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REC Interv Cardiol. 2021;3:83-86

FFR post-PCI: what we learned from the FFR-SEARCH study

RFF tras ICP: ¿qué nos enseña el FFR-SEARCH?

Nico H.J. Pijls,a,b and Lokien X. van Nunena,

aDepartment of Cardiology, Catharina Hospital Eindhoven, Eindhoven, The Netherlands

bDepartment of Biomedical Engineering, Eindhoven University of Technology, Eindhoven, The Netherlands

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Predictors of postprocedural fractional flow reserve: insights from the FFR-SEARCH study
Laurens J.C. van Zandvoort, Kaneshka Masdjedi, Tara Neleman, Maria Natalia Tovar Forero, Jeroen Wilschut, Wijnand Den Dekker, Roberto Diletti, Felix Zijlstra, Nicolas M. van Mieghem, Joost Daemen


The introduction of the concept of fractional flow reserve (FFR) in the mid 90s moved coronary physiology from experimental science to routine use at the cath lab.1-3 Added to the better understanding of basic physiological mechanisms such as self-regulation and compensatory vasodilation and the coronary flow reserve introduced 20 years earlier by Gould et al.,4 FFR has undeniably changed our interpretation of coronary angiograms and had a major influence on the clinical decision-making process, and patient outcomes.3,5,6 This has resulted in the unique adoption of FFR as the only physiological index with a class I A indication for use in the clinical practice guidelines produced by the most important cardiologic societies worldwide.7,8

FFR has taught us that coronary angiography and the anatomic images we can acquire at the cath lab only provide moderately reliable measures of the functional significance of coronary artery disease and myocardial ischemia. Also, there is undeniable proof that the decision-making process based on functional measurements leads to better outcomes compared to angiography alone.3,5,6

In contrast, the interpretation of FFR after coronary intervention is still ambiguous. Basically, we should be aware that the status of a coronary artery immediately after a percutaneous coronary intervention (PCI) changes and is prone to much more variability compared to a situation of chronic stable coronary artery disease. An excellent result of a PCI performed today can change rapidly within hours due to thrombus formation, progressive dissection or other unforeseen complications. Therefore, the FFR measured immediately after a PCI should be interpreted with caution. Also, whereas the ischemic FFR threshold (0.80) in the stable angina has been clearly established, FFR values within the first days, weeks or months after a PCI can change quickly due to the healing process in the coronary artery itself, intimal hyperplasia, thrombus formation, etc. This means that by definition, the FFR after a PCI is more dynamic and that an adequate FFR value immediately after a PCI should be considerably higher than 0.80 to compensate for any intravascular changes that may occur in the short-term.

Therefore, it is not surprising to see FFR values of at least 0.90 in medical literature as indicative of an acceptable PCI result.9,10 Having said that, at the same time we should realize that most post-stent FFR values in earlier studies were obtained in patients with focal stenosis and without much diffuse disease. It is plausible to think that if diffuse disease is present inside a coronary artery, FFR values ≥ 0.90 will probably not be achieved by just stenting a focal stenosis.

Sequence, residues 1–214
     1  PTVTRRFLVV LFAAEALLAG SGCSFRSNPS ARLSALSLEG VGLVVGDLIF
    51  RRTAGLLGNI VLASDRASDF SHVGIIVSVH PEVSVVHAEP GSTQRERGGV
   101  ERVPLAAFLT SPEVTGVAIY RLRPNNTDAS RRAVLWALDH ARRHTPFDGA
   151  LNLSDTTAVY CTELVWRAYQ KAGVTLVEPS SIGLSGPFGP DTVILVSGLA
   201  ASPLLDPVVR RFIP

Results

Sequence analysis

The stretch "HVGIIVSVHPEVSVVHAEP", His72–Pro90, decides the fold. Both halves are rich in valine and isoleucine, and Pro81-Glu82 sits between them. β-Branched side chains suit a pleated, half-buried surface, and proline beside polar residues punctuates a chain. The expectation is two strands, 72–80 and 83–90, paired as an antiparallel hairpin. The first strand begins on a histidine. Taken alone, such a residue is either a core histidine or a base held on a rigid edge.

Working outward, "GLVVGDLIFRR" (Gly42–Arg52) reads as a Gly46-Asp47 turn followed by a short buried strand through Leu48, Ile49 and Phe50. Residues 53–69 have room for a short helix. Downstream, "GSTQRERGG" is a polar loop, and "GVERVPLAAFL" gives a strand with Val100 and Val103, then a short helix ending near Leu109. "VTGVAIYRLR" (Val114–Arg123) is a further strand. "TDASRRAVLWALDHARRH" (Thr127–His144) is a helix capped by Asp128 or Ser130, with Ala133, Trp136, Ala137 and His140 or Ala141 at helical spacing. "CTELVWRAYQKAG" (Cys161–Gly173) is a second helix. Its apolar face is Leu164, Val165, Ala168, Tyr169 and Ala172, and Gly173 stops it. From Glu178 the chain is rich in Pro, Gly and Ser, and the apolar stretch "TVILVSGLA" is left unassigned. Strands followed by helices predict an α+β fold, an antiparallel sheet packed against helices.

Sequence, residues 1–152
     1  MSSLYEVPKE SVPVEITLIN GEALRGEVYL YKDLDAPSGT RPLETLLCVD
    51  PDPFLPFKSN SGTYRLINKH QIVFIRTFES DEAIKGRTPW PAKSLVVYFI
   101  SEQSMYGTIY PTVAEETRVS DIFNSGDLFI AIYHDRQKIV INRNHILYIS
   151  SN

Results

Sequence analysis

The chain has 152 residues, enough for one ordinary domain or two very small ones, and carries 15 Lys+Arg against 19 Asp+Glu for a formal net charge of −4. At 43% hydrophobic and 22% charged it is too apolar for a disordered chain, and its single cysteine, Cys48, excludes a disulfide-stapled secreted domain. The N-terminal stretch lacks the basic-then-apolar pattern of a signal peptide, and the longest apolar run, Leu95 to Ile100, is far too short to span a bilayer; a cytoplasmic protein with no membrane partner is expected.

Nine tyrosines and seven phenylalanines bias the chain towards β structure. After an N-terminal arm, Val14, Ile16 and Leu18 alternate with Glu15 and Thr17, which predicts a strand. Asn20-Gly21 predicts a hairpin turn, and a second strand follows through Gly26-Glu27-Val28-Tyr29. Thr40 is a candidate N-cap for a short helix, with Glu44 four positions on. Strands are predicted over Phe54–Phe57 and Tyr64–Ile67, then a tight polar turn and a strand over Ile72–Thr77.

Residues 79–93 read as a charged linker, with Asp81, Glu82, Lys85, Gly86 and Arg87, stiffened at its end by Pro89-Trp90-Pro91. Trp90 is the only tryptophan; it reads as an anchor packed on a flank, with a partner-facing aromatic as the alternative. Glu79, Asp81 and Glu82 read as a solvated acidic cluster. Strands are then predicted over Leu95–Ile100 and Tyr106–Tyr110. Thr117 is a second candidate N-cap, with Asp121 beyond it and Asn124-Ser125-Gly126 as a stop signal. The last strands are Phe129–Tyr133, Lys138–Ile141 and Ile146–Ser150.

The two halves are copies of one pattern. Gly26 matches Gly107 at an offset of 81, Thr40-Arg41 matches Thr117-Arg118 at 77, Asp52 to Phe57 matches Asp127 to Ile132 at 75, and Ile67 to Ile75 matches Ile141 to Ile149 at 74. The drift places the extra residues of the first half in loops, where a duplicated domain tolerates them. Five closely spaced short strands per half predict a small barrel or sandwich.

Most likely, in such cases, hyperemic pressure pullback recording (whether motorized or not) or a sophisticated variety called hyperemic pressure pullback gradient will better qualify the functional result after stenting. They will also reveal if the remaining gradients inside the coronary artery are due to insufficient stent deployment or more diffuse disease.11

Despite these limitations, the existence of a clear correlation between the FFR values measured immediately after PCI and long-term outcomes is undeniable. This was first described in the FFR-post-STENT Registry of 750 patients that revealed the existence of an inverse correlation between the FFR values measured immediately after the PCI and the rate of restenosis at the 6-month follow-up (figure 1). Such an inverse correlation between high FFR values post-stenting and the mid-term risk of restenosis has been confirmed ever since.12 Still, it is not completely clear if suboptimal FFR values after stenting are due to a focal problem in the stented segment or to diffuse disease elsewhere in the artery. Hyperemic pressure pullback recording and pressure pullback gradient recording have proven that a considerable pressure gradient across the stent is often associated with inappropriate deployments as seen on intravascular ultrasounds or optical coherence tomographies.

Figure 1. Superiority of functional testing compared to angiography alone to predict the outcomes after stenting. A: correlation between post-stenting fractional flow reserve (FFR) and the rate of adverse events at the 6-month follow-up in 750 patients from the FFR-Post-Stent registry. B: correlation between post-stenting angiography and the rate of adverse events at the 6-month follow-up. Reproduced with permission from Pijls et al.9


At this point, the study conducted by van Zandvoort et al. and recently published on REC: Interventional Cardiology comes into perspective.10 In this study, a large registry of 1000 consecutive patients from 1 large volume cardiac center, the FFR was consistently measured after an angiographically successful PCI without the intention of performing any additional procedures in cases of unexpectedly low FFR values. The authors should be praised for their adherence to this protocol. Afterwards, independent patient and vessel related characteristics were determined as associated with the post-procedural FFR values. Considering that in this study no information was available on the outcomes and that the relationships were not causal per se but associative, a few important lessons can be learned.